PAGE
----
Morgan isn't played by the same actress

Robert's daughter Morgan plays a major role in both "Enchanted" and "Disenchanted." In particular, her relationship with Gisele in the sequel is the most important one in the story, serving as the catalyst for Gisele's wish for a fairy-tale life. Given the big impression the character makes in both films, viewers may be surprised to learn that Morgan isn't played by the same actress. Rachel Covey portrayed Morgan as a young girl in "Enchanted," while Gabriella Baldaccino depicts her as a teenager in "Disenchanted."

Part of the reason for the switch is that, despite the fact that "Enchanted" was released 15 years ago, in "Disenchanted" it's only been about 10 years since the events of the first film. Morgan was six years old then, and as a result, she'd be about 16 or 17 in "Disenchanted." Covey is now in her mid-20s, and while many 20-somethings have played teens in the past, productions don't always go that route. Baldaccino was 19 when she filmed "Disenchanted," making her closer in age to her character. Perhaps more importantly, according to her website, Covey has become a playwright and composer since she was in "Enchanted," and given how busy that seems to keep her, acting no longer appears to be her focus.

There are a bunch of noteworthy additions to the cast

While most of the original cast of "Enchanted" is back for the sequel, the film features several new faces as well, and many of them will be familiar to pop culture fans. Maya Rudolph, who plays Malvina, the dastardly queen of Monrolasia, was a mainstay on "Saturday Night Live" for years. She's since gone on to star in a diverse array of movies and TV shows, including "Bridesmaids," "The Good Place," and most recently, the Apple TV+ series "Loot."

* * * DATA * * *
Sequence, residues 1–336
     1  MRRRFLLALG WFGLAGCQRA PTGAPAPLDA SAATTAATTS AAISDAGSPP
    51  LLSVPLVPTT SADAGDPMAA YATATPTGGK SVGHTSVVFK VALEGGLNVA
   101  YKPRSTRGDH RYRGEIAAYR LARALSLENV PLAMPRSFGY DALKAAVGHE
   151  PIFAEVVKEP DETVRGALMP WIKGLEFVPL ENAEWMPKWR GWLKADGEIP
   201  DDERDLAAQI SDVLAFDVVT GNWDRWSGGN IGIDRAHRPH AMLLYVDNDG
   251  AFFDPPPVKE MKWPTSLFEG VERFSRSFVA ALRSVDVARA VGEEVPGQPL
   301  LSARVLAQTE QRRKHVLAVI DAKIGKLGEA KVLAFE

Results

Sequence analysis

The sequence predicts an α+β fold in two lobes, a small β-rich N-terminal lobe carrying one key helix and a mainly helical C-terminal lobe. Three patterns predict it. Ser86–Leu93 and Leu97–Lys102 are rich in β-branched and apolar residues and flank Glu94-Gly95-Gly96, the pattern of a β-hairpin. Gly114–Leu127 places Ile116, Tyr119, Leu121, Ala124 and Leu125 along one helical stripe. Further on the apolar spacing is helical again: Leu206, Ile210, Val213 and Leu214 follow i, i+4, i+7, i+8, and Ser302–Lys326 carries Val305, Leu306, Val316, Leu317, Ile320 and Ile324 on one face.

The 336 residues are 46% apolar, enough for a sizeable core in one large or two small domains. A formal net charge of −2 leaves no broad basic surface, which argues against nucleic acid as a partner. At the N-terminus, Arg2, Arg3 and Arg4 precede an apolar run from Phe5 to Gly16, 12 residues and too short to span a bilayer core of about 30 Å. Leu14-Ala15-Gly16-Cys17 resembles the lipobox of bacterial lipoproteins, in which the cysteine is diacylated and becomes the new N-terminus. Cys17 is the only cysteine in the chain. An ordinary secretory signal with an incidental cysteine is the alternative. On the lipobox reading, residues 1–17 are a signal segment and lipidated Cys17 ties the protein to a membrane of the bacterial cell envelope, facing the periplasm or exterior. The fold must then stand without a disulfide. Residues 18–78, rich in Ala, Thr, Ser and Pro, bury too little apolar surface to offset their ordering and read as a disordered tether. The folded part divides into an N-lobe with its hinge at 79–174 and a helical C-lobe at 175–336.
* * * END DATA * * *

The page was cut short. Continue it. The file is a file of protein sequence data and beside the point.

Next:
Meanwhile, Malvina's henchmen Ruby and Rosaleen are played by Jayma Mays and Yvette Nicole Brown, respectively. Viewers may know Mays from a variety of noteworthy TV shows, including "Glee," "Ugly Betty," and "Drunk History." Brown has a number of credits to her name too, including "Muppets Haunted Mansion" and "The Odd Couple," but she'll likely be most familiar to fans of the cult sitcom "Community," on which she starred for six seasons as Shirley. Speaking of noteworthy TV credits, fans of the perennially popular "The Office" are likely to smile at the sight of the Monroeville barista Edgar because he's played by Oscar Nuñez, who depicted Oscar Martinez on the adored comedy.

Finally, fans of "Wreck-It Ralph" may feel that the Scroll in "Disenchanted" sounds a lot like King Candy from the 2012 film. That's no coincidence: both voices were provided by Alan Tudyk, and while Tudyk has done a lot of TV and movie voice acting, he's also gained recognition for his live-action performances in TV series like "Firefly" and "Resident Alien."

Evil Malvina's magic mirror request is more empowering